Vauxhall Insignia
My dad owned an Insignia for a few years and even loaned it to us when the Passat had it's Great Brakes Failure of 2013. We also had hired an estate version at one point too. Anyway, the car was low and big and pretty boring bar two very impressive features - one, was the tank. I had it filled up before I left and travelled around 270 miles in it with barely denting a quarter of the tank. When I filled it back up the trip computer said I had 800 miles in the tank ready to go, making it perfect for pulling on the motorway. Secondly, it was the first time I'd came across Android Auto. I plugged my phone into the car to charge and it offered me an amazing series of interfaces for using Spotify, Google Play Music, Tunein Radio, Google Maps, and even read my WhatsApp messages back to me. Very impressive.

Fiat 500X
Holy shit. I thought the Spark was bad, but this was just terrible. It had a tiny touchscreen, an even worse set of controls for the heating, sounded like a van under the hood, rattled on the motorway, and had no space in the front for me to find a good position to sit. And to top it all off, this was meant to be my semi-permanent car! I drove it down south and an enginer management light came on, which meant I had to trade it in. Thank christ.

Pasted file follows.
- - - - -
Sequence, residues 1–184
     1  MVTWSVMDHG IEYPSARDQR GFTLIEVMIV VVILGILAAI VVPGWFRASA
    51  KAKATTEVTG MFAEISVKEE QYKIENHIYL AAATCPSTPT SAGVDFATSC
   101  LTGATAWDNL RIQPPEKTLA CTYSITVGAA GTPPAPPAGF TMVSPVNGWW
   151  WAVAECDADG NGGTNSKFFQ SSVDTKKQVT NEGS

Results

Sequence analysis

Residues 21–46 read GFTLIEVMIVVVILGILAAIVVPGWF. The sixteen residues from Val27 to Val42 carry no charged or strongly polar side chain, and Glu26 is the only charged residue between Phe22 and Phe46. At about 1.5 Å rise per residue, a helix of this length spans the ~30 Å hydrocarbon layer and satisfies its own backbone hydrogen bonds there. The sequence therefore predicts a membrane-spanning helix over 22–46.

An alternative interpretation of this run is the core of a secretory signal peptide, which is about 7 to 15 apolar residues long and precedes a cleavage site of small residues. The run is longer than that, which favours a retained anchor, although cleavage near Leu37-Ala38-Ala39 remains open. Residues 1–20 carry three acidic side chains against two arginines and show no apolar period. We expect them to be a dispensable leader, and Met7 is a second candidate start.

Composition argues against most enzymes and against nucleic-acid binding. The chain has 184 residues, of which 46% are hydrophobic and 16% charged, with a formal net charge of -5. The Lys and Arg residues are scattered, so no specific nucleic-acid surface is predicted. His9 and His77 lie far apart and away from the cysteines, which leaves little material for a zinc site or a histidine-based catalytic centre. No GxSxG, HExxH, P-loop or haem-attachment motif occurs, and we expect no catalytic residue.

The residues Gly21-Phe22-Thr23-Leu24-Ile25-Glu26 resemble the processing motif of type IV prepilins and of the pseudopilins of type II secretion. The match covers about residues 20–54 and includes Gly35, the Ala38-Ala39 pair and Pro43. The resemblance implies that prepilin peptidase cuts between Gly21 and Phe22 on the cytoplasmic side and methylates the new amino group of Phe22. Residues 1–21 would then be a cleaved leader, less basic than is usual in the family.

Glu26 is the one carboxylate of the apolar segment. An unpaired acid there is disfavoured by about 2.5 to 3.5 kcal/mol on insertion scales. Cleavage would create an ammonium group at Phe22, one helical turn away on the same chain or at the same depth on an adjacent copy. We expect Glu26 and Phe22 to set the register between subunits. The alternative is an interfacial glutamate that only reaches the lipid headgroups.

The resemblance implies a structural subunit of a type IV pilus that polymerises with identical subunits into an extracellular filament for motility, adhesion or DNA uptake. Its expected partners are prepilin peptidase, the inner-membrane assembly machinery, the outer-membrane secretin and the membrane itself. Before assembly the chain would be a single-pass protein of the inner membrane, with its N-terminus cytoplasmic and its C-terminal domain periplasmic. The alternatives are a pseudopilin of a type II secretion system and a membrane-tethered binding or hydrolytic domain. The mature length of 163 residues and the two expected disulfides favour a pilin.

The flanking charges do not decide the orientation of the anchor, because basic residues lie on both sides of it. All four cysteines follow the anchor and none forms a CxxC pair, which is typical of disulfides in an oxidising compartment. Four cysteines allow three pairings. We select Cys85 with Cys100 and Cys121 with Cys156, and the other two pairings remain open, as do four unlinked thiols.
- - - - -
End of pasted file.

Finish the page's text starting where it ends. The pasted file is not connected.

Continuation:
Peugeot 308
My sister bought a new 208 last year and I remember thinking I liked the look but it was just too small for my tastes, which means the similar but larger 308 should do the trick - and it does! It has a nice ride, great fuel economy, nice driving position, good technology built in, and has a pretty enourmous boot. There are three major draw backs though - the dash controls are non-existent, and replaced with a touch screen for everything. That's fine, but only if the screen was fast, well designed, and easy to use, all of which it isn't. There are afew neat tricks, but not enough to make up for the fact that I have to take my eyes off the road to change the temperature of the AC. The second is that it is blooming tiny in the back, with barely space for car seats never mind an adult. And thirdly, since I've got it the additive management system light has been on, something that has yet to be sorted out by the hire company.